Women and Fundamentalism in Indonesia
Although many books have been written on fundamentalism in Indonesia, almost all of them have underestimated or neglected the role of women. There is an urgent need to include women in the de-radicalisation efforts in Indonesia, concludes a newly published book supported by the Oslo Coalition on Freedom of Religion or Belief.
Photo: M. Nur Abdurrahman, DetikFoto
Cooperation with Yayasan Rumah KitaB
In cooperation with the OC, the Indonesian organisation Yayasan Rumah KitaB has conducted research on women in Islamic fundamentalist movements.
25 female informants, either former or current members of the fundamentalist Islamic movements, are observed and interviewed in-depth.
Ideological, economic and social factors
The results confirm that there are at least three factors which motivates women to engage in fundamentalist Islamic movements: ideology, economy and a social element.
In terms of ideology, most of the women interviewed were born-again Muslims in search of religious purification and authenticity, and they adopt Islam as a holistic life system.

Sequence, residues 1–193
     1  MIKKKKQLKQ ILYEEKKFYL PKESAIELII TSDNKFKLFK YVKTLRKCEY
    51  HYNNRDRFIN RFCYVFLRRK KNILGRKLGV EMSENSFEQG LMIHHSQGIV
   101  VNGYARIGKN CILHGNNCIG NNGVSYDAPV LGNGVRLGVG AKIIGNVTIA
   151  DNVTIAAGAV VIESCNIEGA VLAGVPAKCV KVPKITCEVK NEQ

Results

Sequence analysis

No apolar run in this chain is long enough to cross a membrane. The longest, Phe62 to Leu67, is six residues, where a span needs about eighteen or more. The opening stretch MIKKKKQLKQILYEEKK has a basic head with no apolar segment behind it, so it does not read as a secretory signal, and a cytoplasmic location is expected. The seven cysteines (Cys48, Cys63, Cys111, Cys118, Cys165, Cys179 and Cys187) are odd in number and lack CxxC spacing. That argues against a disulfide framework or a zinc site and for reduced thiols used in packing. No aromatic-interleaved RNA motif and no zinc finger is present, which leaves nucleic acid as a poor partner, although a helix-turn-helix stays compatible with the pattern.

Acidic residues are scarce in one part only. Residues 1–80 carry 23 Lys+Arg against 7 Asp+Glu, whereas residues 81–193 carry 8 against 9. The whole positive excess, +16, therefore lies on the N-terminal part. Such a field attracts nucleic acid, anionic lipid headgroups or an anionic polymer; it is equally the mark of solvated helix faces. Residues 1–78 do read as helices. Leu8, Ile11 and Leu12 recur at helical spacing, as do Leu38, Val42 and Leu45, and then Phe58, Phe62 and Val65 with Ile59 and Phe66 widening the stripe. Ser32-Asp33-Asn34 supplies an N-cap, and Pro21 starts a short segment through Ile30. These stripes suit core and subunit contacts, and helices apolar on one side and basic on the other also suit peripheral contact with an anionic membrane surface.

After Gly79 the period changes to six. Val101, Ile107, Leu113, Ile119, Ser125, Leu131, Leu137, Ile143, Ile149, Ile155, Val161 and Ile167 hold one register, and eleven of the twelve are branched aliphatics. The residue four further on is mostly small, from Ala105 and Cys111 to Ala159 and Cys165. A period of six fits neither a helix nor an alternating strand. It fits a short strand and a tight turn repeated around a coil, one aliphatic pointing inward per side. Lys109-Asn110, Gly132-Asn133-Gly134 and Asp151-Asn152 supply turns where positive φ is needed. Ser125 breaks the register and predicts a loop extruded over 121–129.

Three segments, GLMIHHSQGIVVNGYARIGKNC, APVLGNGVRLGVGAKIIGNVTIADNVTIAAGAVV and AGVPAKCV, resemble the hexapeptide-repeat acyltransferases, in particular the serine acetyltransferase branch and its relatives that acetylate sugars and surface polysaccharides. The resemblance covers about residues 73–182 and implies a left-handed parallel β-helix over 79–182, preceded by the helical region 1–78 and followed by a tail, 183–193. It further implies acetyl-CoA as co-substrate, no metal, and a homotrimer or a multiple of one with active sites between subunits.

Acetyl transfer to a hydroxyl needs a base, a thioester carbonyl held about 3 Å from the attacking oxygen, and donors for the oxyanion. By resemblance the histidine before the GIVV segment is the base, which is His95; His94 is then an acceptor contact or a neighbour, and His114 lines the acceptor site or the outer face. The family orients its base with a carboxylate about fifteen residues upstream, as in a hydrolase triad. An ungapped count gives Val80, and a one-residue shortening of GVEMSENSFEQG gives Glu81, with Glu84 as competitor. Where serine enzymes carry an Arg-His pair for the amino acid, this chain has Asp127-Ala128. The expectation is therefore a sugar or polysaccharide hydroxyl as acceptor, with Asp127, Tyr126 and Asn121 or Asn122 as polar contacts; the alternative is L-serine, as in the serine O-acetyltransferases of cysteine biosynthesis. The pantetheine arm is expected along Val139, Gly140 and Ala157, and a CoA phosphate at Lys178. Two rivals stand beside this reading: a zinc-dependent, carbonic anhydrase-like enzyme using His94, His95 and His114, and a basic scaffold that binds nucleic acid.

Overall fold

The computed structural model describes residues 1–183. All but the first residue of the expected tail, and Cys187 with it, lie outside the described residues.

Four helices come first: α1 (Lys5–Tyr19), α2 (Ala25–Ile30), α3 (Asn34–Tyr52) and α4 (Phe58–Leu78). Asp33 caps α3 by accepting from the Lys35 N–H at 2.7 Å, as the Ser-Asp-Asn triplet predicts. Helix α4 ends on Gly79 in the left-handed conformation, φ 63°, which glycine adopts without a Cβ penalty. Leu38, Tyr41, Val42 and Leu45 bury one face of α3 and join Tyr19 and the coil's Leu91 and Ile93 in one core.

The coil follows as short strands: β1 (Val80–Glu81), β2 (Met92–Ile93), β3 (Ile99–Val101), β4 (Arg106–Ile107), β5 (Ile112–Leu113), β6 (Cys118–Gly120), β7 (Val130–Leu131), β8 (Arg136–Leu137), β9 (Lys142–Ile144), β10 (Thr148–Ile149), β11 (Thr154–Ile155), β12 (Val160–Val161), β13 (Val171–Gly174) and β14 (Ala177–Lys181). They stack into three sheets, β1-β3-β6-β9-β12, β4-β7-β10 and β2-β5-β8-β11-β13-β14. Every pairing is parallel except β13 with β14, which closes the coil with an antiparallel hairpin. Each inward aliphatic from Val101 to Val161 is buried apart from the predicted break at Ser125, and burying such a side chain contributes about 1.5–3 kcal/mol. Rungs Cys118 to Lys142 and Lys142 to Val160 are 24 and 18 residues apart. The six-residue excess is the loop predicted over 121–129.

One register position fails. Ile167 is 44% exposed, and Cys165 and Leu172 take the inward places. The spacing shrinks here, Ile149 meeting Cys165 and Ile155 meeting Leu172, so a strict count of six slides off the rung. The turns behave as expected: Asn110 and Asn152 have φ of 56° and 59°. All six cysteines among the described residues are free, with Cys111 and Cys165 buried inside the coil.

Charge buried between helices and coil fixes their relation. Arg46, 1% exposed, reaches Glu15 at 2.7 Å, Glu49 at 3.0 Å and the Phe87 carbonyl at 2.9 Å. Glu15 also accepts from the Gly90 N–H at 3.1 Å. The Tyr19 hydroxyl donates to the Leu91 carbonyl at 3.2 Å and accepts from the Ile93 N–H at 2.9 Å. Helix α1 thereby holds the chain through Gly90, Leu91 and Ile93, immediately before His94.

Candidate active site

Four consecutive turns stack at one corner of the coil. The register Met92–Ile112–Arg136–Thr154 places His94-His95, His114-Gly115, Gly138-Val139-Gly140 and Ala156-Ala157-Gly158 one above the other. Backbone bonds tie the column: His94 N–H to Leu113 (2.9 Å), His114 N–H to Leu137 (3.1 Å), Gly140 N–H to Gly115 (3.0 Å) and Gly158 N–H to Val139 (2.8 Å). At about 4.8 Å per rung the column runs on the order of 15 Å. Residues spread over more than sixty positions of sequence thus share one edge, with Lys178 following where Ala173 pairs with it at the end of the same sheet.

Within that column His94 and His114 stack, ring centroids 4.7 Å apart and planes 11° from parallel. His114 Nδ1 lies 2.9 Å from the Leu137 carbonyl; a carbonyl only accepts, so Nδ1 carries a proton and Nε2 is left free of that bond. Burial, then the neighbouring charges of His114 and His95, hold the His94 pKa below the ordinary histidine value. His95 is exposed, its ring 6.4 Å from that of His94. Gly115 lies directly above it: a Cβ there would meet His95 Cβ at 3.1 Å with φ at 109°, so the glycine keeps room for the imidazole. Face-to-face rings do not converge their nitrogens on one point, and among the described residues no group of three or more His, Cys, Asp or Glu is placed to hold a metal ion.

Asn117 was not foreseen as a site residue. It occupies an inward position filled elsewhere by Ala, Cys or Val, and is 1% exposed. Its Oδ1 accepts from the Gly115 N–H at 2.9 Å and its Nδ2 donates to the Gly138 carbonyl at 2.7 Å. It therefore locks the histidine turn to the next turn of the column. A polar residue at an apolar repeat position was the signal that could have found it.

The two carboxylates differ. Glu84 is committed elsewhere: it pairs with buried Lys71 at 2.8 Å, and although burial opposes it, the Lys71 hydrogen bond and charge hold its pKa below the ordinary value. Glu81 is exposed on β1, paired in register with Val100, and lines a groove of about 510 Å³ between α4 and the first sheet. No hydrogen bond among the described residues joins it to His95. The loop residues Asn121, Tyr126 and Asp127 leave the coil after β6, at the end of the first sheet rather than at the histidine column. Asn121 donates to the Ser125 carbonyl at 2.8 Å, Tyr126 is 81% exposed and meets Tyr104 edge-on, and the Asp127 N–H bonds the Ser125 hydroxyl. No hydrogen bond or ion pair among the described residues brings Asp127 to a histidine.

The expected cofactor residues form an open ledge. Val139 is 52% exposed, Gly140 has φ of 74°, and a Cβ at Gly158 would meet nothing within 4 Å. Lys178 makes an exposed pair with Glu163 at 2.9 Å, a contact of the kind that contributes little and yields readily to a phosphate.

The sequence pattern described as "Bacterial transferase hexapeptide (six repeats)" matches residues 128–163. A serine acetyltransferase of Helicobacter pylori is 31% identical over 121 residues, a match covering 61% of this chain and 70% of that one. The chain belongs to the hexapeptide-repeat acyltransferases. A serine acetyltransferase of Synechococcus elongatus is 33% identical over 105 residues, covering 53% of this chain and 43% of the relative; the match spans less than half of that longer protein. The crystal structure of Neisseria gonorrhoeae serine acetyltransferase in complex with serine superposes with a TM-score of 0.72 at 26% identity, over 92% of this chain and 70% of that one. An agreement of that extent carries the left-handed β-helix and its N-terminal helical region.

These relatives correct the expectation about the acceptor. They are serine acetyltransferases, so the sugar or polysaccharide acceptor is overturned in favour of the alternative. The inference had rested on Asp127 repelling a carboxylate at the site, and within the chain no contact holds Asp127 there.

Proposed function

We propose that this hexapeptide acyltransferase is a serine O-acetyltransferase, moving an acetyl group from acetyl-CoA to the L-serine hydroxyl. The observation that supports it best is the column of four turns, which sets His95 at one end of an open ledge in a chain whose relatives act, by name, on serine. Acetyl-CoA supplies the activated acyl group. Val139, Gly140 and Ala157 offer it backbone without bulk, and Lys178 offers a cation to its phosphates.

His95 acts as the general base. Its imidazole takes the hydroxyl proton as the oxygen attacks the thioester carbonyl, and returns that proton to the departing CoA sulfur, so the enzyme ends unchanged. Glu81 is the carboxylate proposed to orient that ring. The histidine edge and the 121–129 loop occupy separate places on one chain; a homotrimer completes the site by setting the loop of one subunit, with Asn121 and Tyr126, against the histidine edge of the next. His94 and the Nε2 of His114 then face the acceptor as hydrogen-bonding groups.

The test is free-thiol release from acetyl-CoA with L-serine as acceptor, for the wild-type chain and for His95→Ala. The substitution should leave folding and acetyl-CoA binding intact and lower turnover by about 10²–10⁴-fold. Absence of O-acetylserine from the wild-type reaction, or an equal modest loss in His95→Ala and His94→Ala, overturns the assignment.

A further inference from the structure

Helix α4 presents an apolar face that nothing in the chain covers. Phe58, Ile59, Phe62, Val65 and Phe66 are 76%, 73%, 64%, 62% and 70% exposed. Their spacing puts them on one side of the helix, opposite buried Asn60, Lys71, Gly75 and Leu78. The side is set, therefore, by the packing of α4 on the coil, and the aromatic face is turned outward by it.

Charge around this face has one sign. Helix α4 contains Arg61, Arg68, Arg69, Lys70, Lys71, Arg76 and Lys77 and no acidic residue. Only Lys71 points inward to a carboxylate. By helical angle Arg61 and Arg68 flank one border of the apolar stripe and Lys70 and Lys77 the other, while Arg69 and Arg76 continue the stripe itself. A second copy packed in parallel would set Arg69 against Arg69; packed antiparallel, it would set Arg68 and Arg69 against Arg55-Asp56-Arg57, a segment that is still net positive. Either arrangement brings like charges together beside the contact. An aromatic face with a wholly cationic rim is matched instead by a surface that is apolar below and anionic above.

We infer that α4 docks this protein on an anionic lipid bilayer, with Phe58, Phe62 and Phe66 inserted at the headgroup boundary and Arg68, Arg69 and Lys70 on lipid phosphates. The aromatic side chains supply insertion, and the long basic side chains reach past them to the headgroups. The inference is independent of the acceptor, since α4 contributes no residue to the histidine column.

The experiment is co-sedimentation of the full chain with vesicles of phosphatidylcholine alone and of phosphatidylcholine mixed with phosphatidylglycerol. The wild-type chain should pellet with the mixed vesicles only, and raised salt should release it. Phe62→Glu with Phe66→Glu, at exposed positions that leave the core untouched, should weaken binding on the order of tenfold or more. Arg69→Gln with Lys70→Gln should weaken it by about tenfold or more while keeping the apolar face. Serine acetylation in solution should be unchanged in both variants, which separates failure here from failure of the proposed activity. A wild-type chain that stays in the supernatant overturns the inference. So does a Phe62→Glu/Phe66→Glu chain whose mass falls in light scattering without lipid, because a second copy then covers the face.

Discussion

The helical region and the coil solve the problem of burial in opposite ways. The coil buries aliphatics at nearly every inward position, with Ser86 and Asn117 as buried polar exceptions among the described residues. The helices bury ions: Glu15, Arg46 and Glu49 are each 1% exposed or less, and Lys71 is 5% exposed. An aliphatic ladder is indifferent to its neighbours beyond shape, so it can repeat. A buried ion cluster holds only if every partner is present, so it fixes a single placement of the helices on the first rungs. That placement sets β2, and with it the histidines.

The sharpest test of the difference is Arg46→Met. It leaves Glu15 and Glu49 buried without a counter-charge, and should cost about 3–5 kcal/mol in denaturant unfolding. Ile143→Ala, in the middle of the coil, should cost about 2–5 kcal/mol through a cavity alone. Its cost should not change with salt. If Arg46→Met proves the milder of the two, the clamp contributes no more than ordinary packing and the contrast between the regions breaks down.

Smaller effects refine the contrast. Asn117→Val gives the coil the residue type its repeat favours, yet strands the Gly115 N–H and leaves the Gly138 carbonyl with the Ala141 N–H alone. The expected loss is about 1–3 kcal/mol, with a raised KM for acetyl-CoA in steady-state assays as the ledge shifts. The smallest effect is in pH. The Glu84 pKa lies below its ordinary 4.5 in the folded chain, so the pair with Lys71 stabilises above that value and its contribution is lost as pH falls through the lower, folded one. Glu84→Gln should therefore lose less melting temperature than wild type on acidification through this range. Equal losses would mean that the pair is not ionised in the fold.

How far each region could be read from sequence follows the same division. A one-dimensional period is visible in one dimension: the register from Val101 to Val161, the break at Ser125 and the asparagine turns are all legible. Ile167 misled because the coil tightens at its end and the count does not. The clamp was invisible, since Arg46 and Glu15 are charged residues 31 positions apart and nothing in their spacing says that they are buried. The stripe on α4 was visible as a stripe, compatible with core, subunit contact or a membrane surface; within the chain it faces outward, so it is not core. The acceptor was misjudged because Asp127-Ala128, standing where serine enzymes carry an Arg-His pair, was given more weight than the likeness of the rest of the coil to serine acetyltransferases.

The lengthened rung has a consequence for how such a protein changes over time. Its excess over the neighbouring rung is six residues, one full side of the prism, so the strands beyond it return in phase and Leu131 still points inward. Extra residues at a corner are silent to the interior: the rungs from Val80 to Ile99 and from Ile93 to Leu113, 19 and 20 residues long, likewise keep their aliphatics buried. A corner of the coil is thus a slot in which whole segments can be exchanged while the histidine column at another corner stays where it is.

All informants also noted economic advantages of becoming a member. These included a promise of afterlife reward, writing and speaking skills, or benefits through their positions as teachers or preachers or from selling Muslim outfits and Islamic books.
With respect to the social factor, the women explained that they found true sisterhood in the movement, an indication of their desire for collectivism. A feeling of solidarity among the women thus provided psychological comfort and social protection.
Women's role in the growth of the movements
- Religious radicalisation has mostly been assumed as a masculine activity, within the domain of men. However, no social religious movement can develop without women's involvement, says editor Lanny Octavia.
On the one hand, women play the role of cultural and biological reproducers. Unregistered marriage, polygamy and having many children are considered part of their jihad. A woman's body thus becomes the battlefield between modernisation and fundamentalism, apparent in their rejection of contraception and full-body covering.
On the other hand, women play a productive role in the movements.Thus, women are not only the receivers of ideology, but also the interpreter and implementer. For instance, the women interviewed held trainings for female members and tried to garner public support for the movement by mobilising other women and children.
Women must be included in de-radicalisation efforts
On the basis of their research, editors Lanny Octavia and Lies Marcoes argue in favour of feminist perspectives on how women are perceived in fundamentalist movements and how they become active agents. In conclusion, they find that there is a need to include women in the de-radicalisation efforts in Indonesia.